I know little bits about each of these authors—some more than others.  There is something deep and contemplative, hidden even, that I want to explore and gain from their experiences.  I’ve always loved the deeper things in life because that’s where bonding and community form, it’s where life is best lived and souls are grown.

Community is a beautiful and necessary thing.  When I reflect back over my 26.5 years, I see the ways I’ve grown and changed based on who I was around.  I also notice the maturing, though difficult, I’ve undergone during the lonely times in my life.  These authors, though separated by distance, have been placed in a category of influence during the 20th century much, it seems, like those members of the Lost Generation or the Transcendentalists (both groups with members or offspring from whom I garner inspiration) in their times.

Some of these communities burgeon into influential movements that impact the world, others will remain smaller and impact those in their immediate sphere of influence, but ALL serve a purpose.  One of my favorite times of community was during college when I was surrounded by close friends, all of us doing our best to figure out our lives.  It gets harder after graduating, when everyone disperses.  I’m thankful for the occasional visit or unexpected circle of peers (shout out to my Black Mountain people), because as a social adult, especially one recovering from a disease that limits my social time, I still need that connection that feeds my soul, the one that lets us share the struggles we are facing and what work we’re doing to address them.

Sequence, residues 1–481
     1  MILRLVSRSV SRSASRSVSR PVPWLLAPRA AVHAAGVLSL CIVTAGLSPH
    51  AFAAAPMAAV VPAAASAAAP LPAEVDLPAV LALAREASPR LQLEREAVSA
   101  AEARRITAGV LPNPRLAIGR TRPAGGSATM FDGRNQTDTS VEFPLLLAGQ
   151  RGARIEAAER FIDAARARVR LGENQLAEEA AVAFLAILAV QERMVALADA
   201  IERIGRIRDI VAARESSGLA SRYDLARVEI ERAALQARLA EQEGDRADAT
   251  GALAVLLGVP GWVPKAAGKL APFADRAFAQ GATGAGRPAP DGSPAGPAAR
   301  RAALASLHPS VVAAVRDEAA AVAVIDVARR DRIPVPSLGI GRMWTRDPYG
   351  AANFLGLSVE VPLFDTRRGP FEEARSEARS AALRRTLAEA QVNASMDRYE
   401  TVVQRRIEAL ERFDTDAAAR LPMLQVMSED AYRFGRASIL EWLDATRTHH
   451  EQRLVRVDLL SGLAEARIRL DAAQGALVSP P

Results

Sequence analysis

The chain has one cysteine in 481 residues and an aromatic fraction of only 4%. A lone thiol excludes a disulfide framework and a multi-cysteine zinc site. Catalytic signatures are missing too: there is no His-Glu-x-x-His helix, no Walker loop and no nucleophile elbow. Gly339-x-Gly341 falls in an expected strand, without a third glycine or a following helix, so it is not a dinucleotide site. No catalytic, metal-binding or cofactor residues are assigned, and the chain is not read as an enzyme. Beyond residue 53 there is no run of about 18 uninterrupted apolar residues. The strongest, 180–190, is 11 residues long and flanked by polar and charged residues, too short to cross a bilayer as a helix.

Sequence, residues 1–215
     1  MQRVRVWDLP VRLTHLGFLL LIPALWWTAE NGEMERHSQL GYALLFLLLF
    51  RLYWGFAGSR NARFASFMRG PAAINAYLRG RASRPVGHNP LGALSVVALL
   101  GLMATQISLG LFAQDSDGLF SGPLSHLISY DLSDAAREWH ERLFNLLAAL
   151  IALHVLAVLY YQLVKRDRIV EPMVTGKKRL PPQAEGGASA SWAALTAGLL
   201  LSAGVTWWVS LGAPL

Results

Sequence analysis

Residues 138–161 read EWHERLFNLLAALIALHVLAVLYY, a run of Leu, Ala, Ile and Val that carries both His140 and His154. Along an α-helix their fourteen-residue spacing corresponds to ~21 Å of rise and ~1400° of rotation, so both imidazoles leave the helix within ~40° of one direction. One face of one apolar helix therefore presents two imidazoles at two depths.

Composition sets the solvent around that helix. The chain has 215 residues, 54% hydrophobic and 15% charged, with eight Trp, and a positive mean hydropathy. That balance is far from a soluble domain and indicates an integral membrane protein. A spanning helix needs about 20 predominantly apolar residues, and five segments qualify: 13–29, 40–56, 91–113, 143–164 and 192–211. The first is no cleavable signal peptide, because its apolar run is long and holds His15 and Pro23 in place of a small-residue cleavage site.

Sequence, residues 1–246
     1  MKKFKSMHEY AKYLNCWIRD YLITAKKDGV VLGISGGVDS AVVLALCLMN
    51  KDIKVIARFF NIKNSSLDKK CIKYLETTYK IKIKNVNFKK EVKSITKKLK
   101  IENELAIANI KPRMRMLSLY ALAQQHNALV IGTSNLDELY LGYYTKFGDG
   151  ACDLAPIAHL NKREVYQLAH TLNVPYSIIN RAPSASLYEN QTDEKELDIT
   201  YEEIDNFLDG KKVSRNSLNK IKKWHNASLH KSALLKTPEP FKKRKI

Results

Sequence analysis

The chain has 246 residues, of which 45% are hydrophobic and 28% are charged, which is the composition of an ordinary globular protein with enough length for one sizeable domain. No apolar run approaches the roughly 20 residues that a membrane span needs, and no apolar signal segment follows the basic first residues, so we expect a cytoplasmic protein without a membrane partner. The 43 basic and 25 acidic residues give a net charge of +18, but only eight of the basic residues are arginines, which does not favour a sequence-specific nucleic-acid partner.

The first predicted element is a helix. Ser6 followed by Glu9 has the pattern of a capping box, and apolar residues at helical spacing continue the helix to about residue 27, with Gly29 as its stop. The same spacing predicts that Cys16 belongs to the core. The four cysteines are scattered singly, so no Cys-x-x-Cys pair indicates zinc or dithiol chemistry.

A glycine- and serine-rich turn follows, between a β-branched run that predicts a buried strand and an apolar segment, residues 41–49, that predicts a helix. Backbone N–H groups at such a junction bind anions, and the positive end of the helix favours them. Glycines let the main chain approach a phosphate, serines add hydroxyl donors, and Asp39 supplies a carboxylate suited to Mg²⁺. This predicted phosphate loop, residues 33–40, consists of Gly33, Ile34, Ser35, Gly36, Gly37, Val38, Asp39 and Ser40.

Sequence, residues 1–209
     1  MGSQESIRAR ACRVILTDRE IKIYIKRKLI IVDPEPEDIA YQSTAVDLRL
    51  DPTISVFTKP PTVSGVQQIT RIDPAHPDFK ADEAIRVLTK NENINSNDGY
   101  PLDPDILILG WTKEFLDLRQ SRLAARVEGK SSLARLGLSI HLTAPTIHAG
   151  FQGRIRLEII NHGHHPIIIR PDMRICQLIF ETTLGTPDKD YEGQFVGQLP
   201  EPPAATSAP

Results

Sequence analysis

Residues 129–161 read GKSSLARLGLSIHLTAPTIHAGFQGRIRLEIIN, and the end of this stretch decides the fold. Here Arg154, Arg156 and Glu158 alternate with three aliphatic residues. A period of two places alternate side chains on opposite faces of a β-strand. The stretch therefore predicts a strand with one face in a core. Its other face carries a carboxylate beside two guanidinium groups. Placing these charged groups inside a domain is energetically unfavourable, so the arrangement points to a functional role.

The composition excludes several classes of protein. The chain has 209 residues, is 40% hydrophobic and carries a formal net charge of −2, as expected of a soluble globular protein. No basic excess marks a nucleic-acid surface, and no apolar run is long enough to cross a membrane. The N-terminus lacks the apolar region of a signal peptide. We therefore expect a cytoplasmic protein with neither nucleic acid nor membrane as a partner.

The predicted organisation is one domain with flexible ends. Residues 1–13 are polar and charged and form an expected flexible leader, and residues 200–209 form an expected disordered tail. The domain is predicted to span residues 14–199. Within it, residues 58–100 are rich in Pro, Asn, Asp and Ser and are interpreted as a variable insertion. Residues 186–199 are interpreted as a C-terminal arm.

One of my aunts shared a piece of Chinese wisdom with me yesterday: if you want to make a change in your life, do it for one minute a day until it becomes habit for that length of time.  Then, add a second minute.  The things in our lives we want to change—part of why I’ve chosen to read this new book—start with simple steps, like reading a short story in the evening before bed to feed my mind but without the commitment to something much longer.  It means making intentional decisions based on my personal goals for each day and stage of life.

Here’s to picking something you want to make a habit and doing it for one minute!
Here’s to creating community and going deep.
Here’s to Spring and rebirth.

Recovering and Growing

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For the past year and a half I’ve been battling and recovering from cancer/cancer treatments.  Over that time, I’ve striven to continue posting about things I care about.  However, I want to restart, sporadic or not as it may be, because I have this inner drive to write.  It helps me process issues and this blog gives me a platform to choose what I want to write about.